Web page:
Saturday Night.

It was Saturday, about 6:00 p.m.

My BGs had been running high all day. It was time for dinner, and since I try to pre-bolus whenever possible, I washed my hands (like I almost always do), did my pre-dinner check, and saw that I was 138 mg/dL.

I was just making a sandwich and eating a tomato for dinner… no big deal, except that bread seems to spike my post-prandial numbers a bit. So I bolused based on that 138 number and continued watching the L.A. Dodgers and Pittsburgh Pirates game on TV.

Pre-bolusing being what it is, I had expected to wait 15-20 minutes before eating. About ten minutes after my bolus, I felt what I thought was a sign that I was low: A feeling of shakiness, sort of like I was sinking, and a suddenly overwhelming hunger.

But I had been high all day. I was 138 mg/dL just ten minutes before, right? In the next five minutes, the following occurred:

– I went back into the kitchen to test again. The result: 48 mg/dL.

– I grabbed the juice bottle from the refrigerator and, carefully, a glass from the cabinet. Somehow, I got the glass and the juice on the counter just before I slunked down on the kitchen floor.

– Now I’m trying to (again, carefully) get the glass and juice off of the counter and onto the floor next to me so I could drink it. I didn’t know if I could get back up again until I could get my BG back up again.

– After trying for what seemed like a long time, but really wasn’t, I was no closer to getting the glass or the juice off the counter, but I had managed to lay flat on my back, feeling very sleepy, if that makes sense.

– Somehow, something inside me made me realize that I needed to get up to the counter to get my juice. I had no other choice. Again, it seemed to take a long time to stand up, but it wasn’t a long time after all.

I finally got my juice, and within 15 more minutes, I had eaten my sandwich and was feeling almost normal again. Except for the post-low hangover that comes with an episode like this. And it was significant.

Immediately after, I called The Great Spousal Unit, who was away, and let her know what happened and that I was okay.

Then I took to Facebook and recounted what happened. I also replied to some of the replies I received, and posted a little more too. I was so grateful to have people who understand help me feel better after an awful experience like that. Still, I generally don’t spend my Saturday night hanging out on Facebook, and that made me ask a few questions.

Was I really trying hard to connect after almost being permanently disconnected? Was I trying to keep a lifeline (so to speak) open in case of another low? Was I just trying to show how strong I am and that I was okay and no one should worry about me because I’m tough as nails?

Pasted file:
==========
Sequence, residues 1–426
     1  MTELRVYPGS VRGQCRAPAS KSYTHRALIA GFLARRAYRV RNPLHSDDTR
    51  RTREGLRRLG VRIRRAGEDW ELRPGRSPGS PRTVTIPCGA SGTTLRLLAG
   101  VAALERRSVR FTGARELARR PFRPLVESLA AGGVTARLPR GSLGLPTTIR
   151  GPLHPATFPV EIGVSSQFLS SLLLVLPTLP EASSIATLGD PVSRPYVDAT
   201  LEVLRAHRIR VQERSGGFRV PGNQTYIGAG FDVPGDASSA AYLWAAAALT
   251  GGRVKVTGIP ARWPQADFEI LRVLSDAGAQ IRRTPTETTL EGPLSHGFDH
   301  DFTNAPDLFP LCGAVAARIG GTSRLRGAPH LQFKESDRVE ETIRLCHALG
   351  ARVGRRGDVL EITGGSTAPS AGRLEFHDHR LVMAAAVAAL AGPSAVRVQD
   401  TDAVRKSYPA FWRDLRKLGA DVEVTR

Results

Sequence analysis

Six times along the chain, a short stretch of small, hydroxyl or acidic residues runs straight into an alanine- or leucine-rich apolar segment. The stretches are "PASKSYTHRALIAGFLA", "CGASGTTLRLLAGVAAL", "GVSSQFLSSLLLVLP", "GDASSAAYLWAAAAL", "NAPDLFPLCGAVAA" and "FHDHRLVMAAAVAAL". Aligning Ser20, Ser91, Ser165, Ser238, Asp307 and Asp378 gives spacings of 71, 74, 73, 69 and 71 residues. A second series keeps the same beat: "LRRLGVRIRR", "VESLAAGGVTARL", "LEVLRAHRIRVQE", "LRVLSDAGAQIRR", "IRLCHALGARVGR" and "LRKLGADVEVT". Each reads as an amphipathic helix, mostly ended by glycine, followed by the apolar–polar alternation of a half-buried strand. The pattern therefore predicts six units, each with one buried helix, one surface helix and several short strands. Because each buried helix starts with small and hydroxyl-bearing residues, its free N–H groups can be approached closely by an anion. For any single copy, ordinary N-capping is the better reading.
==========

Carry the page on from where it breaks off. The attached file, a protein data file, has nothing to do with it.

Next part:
Maybe it was a combination of some of those things. Plus this:

When you nearly lose your life (because, for worse or for worse, hypoglycemia is a near-death experience), you want to connect with the special people in your life and forget about anything else that doesn’t really matter.

Hypoglycemia sucks. Diabetes sucks.

As a person with diabetes, I am in a unique position to let the rest of the world know that we need the best accuracy possible from our glucose meters. We need Medicare coverage for seniors who simply must keep their continuous glucose monitor technology. We need artificial pancreas technology that will help read our glucose levels and adjust pump settings automatically based on reliable algorithms designed with patient safety as its first priority.

And we all need to have people to reach out to, to make us feel less alone when we’re at our most vulnerable. God bless those who don’t have anyone to turn to.

If you have no one to turn to when diabetes wrecks your evening, I encourage you to find the Diabetes Online Community. Search the #DOC hashtag on Twitter. Do a Google search for diabetes blogs. Or send me an e-mail. Don’t be alone.
 

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Comments

  • Colleen  On August 10, 2015 at 4:50 pm

    Low? By myself? First place I’d go is FB – well, right after the juice!

    Liked by 1 person

  • Frank  On August 11, 2015 at 5:36 am

    A very confronting story, but glad that you got through it and that you found support from your wife and from the DOC. It’s kind of great that we can be there for each other through the DOC when we need it 🙂

    Liked by 1 person

  • Mike Hoskins (@MHoskins2179)  On August 14, 2015 at 1:02 am

    Geez… sorry to hear this happened, but glad you made it through it. And definitely glad that FB was there as a resource to connect. I cringed when reading that part about it “taking longer to stand up,” because I’ve been there many times myself. Scary stuff. Think you’re spot on in saying how much this can mean, to just know there are others on the receiving end of the online universe that can be with us in these scary times, in the post-moments, and just help calm us down and reassure.

    Liked by 1 person

  • Kelley  On August 25, 2015 at 9:16 am

    Eeek, do you think the 138 was wrong? Or did you just drop incredibly fast? 40s SUCK and so does diabetes!

    Liked by 1 person

    • StephenS  On August 26, 2015 at 8:59 am

      Kelley, I think the 138 was wrong. It happens sometimes. I can’t explain why I’d drop that much that fast.

      Like

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